During the first decade of the 20th century, workers at mills and other factories began organizing labor unions under the Everett Central Trades Council, which had 27 member trades and six unions by 1901. The council had 25 unions by 1907 and became affiliated with the American Federation of Labor, using its influence to stage strikes and work stoppages that resulted in wage increases and safer conditions at mills, where 35 workers had died in 1909. Everett was also home to local socialist groups and organizers, who published the Labor Journal and The Commonwealth on a weekly basis until 1914. Several survivors of the September 1907 anti-Indian riots in Bellingham settled in Everett for two months, but were beaten and forcefully evicted by a mob.
The city's labor unrest culminated in the Everett massacre on November 5, 1916, the deadliest event in Pacific Northwest labor history. A strike of shingle weavers began at local mills in May 1916 and continued for months with violent attacks from mill owners, which attracted attention from the Industrial Workers of the World (IWW), a radical socialist union who provided speakers at Everett events. The city government passed a new ordinance to restrict street speaking as a result of tensions between the IWW and county sheriff Donald McRae, who armed a local militia and beat 41 union members who were attempting to enter the city by boat on October 30, 1916. The beatings drew anger from union members and other Everett citizens, prompting 300 IWW members to travel on the steamers Verona and Calista from Seattle to Everett on November 5, when they were confronted at the docks by McRae and his posse of 200 citizen deputies, who feared violence and arson from the group. After a heated debate followed by several minutes of gunfire, five people on the Verona were killed and two deputies on the dock had been mortally wounded from friendly fire; an unofficial death toll of twelve IWW members was determined from the recovery of underwater bodies. At least 50 people were injured, including McRae, and 297 were arrested in Everett and Seattle; only one IWW member, Thomas Tracy, was ultimately tried and found not guilty of first-degree murder after a two-month trial.
The shingle weavers strike ended on November 10, 1916, with no concessions from the mill owners, and local residents turned against the IWW for escalating the dispute. The labor tensions subsided with the entry of the U.S. into World War I, despite an attempted comeback by the IWW in disrupting logging for the war effort. As a result of the massacre, the state government passed laws to prohibit citizens from advocating for anarchy or violent overthrow, which were not repealed until 1999. The massacre was largely unacknowledged by local residents until the late 20th century, when book accounts were published and a historic marker was installed overlooking the former docks.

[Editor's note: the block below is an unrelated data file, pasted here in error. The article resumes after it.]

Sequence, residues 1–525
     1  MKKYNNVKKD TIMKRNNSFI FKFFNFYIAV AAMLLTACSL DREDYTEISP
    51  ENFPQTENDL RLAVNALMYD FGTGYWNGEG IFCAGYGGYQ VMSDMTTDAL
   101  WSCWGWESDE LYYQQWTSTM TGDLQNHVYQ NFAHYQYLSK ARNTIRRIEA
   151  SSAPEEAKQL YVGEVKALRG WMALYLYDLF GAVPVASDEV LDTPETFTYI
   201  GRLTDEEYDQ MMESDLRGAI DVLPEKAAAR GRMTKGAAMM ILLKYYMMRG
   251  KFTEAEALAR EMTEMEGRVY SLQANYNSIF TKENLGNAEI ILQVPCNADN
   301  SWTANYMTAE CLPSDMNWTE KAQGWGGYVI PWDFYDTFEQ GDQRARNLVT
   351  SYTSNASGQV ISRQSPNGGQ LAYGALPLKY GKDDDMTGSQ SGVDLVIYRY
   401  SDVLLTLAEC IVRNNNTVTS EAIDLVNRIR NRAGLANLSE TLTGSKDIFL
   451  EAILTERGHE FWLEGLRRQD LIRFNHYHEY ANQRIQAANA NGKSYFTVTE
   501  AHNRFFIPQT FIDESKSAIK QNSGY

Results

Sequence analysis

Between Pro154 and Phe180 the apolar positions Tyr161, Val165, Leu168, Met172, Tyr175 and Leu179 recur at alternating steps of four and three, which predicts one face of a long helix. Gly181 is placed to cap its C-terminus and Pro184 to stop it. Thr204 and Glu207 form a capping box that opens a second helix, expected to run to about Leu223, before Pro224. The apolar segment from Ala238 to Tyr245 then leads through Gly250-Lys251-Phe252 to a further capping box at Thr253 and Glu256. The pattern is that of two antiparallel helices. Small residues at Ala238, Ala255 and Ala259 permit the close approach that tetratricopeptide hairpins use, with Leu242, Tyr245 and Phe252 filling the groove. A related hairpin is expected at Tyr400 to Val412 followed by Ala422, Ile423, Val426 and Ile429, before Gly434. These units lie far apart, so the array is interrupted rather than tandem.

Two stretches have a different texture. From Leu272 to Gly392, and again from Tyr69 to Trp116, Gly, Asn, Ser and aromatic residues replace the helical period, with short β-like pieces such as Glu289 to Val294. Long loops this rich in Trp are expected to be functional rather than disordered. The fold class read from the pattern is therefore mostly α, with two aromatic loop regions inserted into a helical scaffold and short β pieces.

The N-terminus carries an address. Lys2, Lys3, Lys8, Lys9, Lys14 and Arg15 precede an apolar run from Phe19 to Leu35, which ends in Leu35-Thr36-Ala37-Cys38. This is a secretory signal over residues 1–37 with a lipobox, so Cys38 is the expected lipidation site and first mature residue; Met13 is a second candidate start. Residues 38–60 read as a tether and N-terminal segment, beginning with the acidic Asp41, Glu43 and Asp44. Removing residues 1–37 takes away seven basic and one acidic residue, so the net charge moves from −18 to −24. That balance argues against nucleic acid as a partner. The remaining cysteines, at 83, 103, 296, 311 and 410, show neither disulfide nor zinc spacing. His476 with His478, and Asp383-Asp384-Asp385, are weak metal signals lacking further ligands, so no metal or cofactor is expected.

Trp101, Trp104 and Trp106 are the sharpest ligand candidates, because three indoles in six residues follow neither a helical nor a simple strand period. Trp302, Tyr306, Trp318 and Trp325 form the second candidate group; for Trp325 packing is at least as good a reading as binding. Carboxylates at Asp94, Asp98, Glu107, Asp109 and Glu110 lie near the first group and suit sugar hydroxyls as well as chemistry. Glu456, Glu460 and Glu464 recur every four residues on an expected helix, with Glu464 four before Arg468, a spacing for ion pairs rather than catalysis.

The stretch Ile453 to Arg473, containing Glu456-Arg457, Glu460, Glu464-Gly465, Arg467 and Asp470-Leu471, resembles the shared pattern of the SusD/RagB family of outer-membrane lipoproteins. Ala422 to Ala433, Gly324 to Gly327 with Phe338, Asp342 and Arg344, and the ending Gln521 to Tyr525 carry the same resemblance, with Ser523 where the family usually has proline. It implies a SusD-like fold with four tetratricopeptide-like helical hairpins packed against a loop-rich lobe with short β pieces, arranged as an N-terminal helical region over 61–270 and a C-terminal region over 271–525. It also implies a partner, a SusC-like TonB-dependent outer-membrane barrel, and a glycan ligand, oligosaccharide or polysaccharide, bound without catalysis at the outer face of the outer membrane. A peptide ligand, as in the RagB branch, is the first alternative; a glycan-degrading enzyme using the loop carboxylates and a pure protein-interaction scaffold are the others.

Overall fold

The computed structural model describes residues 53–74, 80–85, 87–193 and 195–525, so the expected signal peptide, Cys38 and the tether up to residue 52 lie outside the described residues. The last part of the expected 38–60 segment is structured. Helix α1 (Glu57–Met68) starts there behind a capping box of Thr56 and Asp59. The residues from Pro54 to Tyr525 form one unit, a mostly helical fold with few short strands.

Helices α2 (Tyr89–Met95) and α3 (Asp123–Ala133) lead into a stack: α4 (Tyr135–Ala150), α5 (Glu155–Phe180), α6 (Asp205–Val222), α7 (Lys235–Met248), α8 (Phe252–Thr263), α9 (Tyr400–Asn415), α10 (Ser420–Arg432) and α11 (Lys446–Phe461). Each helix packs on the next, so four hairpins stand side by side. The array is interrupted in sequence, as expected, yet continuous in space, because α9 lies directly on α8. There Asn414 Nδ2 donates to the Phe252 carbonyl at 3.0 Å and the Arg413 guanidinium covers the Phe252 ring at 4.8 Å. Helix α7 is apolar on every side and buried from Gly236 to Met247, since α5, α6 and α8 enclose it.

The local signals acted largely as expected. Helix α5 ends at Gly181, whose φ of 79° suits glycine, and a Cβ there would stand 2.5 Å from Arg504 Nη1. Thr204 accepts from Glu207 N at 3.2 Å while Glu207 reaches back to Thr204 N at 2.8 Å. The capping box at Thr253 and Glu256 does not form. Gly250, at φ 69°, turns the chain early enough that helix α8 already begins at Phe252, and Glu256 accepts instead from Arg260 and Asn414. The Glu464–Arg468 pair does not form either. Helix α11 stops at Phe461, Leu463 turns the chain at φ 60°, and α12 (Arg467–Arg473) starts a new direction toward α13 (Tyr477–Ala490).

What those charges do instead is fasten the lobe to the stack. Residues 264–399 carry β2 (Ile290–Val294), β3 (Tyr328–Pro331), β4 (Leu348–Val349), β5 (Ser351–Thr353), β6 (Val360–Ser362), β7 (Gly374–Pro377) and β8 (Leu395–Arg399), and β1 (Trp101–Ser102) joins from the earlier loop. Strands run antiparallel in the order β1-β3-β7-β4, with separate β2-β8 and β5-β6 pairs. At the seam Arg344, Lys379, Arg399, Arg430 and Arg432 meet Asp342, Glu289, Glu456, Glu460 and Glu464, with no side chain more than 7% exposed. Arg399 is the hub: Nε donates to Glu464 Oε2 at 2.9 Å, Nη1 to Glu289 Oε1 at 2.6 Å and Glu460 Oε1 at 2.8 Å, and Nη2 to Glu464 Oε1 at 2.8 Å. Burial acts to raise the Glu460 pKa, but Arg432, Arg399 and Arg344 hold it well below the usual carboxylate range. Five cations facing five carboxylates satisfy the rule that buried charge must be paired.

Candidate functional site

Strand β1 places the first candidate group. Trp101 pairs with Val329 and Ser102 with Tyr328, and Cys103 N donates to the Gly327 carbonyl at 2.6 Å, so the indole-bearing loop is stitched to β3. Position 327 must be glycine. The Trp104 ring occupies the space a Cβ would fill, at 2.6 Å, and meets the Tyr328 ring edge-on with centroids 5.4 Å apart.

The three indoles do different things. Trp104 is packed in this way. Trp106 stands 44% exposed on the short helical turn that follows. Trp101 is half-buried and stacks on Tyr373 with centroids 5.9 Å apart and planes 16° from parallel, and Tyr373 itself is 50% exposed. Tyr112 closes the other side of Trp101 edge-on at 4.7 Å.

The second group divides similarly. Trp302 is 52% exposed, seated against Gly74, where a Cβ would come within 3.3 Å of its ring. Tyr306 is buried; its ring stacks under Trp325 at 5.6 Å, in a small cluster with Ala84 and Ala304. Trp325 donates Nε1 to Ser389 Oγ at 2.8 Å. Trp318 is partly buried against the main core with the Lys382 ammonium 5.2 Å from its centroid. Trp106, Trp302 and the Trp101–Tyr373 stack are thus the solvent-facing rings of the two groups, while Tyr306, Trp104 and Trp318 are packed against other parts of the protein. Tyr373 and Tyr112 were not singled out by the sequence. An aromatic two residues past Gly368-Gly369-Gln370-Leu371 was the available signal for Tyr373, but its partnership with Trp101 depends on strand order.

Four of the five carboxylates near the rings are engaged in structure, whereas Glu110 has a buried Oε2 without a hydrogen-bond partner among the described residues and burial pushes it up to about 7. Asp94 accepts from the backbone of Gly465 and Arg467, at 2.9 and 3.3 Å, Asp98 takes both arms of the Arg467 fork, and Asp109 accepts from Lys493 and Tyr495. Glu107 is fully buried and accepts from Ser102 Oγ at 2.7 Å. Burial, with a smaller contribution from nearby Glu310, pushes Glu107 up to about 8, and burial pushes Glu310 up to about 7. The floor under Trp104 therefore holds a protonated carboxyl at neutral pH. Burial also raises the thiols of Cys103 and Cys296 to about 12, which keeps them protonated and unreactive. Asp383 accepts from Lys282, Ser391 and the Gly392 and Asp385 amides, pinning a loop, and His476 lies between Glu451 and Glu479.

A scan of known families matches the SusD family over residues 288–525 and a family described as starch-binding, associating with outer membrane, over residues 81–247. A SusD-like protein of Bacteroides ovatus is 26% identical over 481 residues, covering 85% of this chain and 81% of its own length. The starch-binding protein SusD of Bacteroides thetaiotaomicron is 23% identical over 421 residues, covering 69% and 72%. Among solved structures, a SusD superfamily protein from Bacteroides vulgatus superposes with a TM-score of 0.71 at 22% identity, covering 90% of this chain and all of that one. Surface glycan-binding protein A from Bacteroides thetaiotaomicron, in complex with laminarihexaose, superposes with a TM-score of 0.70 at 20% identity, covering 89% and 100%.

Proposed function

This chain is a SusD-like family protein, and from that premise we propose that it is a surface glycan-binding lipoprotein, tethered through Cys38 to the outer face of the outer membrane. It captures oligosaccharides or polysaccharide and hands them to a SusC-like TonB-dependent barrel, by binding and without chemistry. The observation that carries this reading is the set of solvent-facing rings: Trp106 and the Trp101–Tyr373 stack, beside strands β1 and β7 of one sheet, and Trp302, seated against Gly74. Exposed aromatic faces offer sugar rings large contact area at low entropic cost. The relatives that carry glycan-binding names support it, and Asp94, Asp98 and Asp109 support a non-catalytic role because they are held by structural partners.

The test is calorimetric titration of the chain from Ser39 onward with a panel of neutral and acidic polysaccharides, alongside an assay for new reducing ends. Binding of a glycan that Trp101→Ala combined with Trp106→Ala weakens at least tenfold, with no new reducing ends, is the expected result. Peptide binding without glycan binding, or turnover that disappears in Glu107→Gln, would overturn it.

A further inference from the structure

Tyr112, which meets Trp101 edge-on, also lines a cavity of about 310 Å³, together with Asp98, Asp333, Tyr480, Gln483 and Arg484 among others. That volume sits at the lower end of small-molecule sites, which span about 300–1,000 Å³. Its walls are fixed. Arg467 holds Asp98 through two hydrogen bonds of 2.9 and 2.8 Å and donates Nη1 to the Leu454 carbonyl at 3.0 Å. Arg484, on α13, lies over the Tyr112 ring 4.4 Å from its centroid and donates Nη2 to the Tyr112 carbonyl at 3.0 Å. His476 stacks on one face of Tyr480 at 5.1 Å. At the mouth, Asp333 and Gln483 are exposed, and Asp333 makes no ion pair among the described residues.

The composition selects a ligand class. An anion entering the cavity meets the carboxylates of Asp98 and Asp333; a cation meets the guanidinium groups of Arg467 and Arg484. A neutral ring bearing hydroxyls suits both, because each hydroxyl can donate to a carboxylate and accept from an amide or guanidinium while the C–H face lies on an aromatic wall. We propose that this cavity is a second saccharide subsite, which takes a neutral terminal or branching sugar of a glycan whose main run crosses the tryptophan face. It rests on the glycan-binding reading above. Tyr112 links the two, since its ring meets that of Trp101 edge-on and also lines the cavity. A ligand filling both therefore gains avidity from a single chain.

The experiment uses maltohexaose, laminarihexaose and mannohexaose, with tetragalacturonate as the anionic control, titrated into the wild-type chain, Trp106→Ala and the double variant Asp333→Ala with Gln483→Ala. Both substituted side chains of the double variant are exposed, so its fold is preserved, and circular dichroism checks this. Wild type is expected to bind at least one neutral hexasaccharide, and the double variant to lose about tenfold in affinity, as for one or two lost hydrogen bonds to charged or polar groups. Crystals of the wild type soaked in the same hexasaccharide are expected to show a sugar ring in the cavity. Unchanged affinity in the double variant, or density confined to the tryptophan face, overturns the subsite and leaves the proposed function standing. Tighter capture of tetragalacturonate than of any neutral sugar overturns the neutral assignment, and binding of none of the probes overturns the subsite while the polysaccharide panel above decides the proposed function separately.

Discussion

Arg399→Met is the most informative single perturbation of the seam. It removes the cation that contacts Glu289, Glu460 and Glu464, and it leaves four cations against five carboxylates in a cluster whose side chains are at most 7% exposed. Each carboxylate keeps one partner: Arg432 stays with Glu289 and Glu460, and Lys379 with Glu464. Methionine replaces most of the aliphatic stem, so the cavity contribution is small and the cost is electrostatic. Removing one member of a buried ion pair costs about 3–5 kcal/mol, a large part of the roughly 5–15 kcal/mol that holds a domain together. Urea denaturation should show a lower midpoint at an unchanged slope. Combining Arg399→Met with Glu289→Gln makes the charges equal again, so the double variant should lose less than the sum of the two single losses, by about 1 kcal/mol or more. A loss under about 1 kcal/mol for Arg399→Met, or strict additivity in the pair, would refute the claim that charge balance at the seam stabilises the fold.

The local timber industry continued its boom and bust cycle into the 1920s, suffering from price swings but benefiting from the 1923 Japanese earthquake to supply lumber and the opening of the Panama Canal. The Clough-Hartley shingle mill claimed to be the largest in the world, producing 1.5 million wood shingles per day; the city produced approximately 4.5 million shingles and 3.5 million board feet of lumber per day in 1920. The Port of Everett was created on July 13, 1918, to enable public ownership of the waterfront and promote economic development in the city. By the end of the 1920s, the port had opened the county's first airport on Ebey Island and acquired the 14th Street Dock and Jetty Island from the Everett Improvement Company. The city also acquired the private water system in 1915 and replaced it with a new supply from the Sultan River basin that was fully activated four years later.
Everett's central commercial district grew from a handful of businesses into a busy downtown during the 1920s, including the construction of several multi-story office and retail buildings, two junior high schools, a modern city hall, and additions to the city's two hospitals. The six-story Monte Cristo Hotel opened in 1925 with 140 guest rooms, elaborate furnishings, and a banquet hall that would host civic functions for several decades. The county's first radio station, KFBL (now KRKO), began broadcasting on August 25, 1922, and was among the earliest in the state. In 1924, a third mill at the Weyerhaeuser complex, which employed 1,500 people and contributed to $28.125 million (equivalent to $335 million in 2019 dollars) in annual timber output by the end of the decade.